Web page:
Analysing the EU Exit Charge

Money will be a critical part of Brexit negotiations. In this report written for ICAEW, we reveal the key components of a deal and estimate the potential EU exit bill.

Key points to highlight:

  • Potential exit charges range from a low cost of £5bn to a maximum cost of £30bn, with the central scenario cost £15bn (based on an exchange rate of €1.20 to £1). This is equivalent to £225 per person expected to be living in the UK in 2019.
  • To put this in context, the UK’s share of the EU budget each year is approximately £20-£21bn, before an estimated rebate of £5-6bn, and spending returning to the UK of £6-£7bn.
  • While the estimated rebate is expected to be received back, the EU could attempt to withhold this if there is no agreement on wider exit charges.
  • Liabilities include EU staff pension and sickness payments which will be close to £63bn when the UK leaves, and of which the UK’s share is £10bn. This could be dealt with through a one-off settlement or the UK could agree to continue to contribute £0.2bn a year for the next 50 years or so.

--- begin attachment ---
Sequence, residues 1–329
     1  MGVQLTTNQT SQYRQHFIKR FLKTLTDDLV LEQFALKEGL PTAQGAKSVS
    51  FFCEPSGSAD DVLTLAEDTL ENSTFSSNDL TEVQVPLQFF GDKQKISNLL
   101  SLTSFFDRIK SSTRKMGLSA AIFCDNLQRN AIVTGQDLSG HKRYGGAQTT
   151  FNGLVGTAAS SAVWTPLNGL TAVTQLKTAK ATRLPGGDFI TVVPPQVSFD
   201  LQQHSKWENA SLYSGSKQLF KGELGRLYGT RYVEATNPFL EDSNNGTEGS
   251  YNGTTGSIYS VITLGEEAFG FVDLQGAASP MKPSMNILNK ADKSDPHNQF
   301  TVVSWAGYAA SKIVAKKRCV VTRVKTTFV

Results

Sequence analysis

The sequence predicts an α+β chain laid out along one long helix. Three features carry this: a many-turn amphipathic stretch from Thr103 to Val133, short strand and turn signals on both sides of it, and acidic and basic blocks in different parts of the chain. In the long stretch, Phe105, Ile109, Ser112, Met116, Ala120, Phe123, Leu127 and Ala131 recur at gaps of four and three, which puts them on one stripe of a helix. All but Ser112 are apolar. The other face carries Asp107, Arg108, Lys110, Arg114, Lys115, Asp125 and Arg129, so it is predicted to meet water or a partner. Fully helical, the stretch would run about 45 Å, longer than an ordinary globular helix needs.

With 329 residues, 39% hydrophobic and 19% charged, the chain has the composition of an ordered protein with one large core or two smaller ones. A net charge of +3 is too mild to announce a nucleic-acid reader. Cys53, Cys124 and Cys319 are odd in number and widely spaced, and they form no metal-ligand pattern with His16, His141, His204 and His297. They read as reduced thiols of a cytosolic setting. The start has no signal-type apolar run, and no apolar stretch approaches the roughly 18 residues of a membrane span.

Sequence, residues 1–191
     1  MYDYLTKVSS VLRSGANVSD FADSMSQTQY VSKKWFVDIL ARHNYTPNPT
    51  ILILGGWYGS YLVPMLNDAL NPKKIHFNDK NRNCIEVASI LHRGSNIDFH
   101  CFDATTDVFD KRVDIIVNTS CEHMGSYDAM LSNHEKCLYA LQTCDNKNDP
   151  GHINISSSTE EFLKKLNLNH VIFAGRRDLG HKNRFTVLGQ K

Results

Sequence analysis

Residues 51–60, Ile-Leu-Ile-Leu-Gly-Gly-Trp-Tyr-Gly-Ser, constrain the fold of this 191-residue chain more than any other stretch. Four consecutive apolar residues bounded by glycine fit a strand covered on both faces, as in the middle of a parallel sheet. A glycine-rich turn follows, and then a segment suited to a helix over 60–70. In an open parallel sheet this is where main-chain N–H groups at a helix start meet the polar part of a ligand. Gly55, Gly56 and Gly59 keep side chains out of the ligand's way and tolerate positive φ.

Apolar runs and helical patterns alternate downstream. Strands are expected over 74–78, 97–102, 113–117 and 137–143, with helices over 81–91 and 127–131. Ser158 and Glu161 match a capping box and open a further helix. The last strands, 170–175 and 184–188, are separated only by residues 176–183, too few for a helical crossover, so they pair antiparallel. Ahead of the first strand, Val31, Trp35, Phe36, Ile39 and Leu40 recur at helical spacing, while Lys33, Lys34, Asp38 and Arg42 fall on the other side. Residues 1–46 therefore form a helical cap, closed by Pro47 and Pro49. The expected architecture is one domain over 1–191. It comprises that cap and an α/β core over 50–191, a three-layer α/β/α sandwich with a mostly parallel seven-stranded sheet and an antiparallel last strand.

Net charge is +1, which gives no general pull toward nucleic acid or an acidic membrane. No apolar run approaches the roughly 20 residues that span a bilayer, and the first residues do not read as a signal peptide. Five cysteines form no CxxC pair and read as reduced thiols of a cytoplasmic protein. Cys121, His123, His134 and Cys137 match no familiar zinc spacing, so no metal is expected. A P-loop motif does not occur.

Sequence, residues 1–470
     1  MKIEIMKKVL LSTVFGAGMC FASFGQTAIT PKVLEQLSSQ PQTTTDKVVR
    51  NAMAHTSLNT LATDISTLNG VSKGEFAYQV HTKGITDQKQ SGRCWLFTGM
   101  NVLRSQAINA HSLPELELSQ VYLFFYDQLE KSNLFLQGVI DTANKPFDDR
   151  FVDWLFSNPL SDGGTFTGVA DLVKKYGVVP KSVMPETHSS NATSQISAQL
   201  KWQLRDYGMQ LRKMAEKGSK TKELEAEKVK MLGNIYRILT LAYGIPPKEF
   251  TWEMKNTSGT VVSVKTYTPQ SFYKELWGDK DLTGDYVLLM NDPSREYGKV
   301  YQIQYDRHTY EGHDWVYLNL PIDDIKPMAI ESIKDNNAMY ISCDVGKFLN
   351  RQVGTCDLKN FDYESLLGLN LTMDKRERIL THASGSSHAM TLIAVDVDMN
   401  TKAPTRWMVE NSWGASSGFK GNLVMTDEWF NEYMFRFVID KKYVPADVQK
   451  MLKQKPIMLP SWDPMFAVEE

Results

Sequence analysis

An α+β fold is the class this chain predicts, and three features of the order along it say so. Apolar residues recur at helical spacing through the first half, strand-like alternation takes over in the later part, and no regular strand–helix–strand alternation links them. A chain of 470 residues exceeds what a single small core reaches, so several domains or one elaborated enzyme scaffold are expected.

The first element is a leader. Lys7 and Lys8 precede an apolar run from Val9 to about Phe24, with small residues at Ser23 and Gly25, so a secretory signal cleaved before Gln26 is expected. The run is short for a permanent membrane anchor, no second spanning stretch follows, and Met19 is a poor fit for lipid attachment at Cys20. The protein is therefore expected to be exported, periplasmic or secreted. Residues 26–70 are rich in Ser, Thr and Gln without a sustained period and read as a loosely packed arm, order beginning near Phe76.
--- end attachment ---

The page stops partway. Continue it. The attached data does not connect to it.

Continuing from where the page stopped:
• The value of the EU’s fixed assets will also need to be determined, but as these are relatively small compared with other numbers revaluing them is unlikely to have significant impact on the total exit charge.
  • Additional areas for negotiation include the European Investment Bank (EIB), of which the UK has a 16% share. As ownership of the EIB is restricted to EU members, the UK may need to sell its stake to other EU members, or existing rules may need to change.
  • The EU is likely to argue that costs incurred caused by the UK’s decision to leave should be paid for by the UK rather than by other member states.

To find out more and to read the report, visit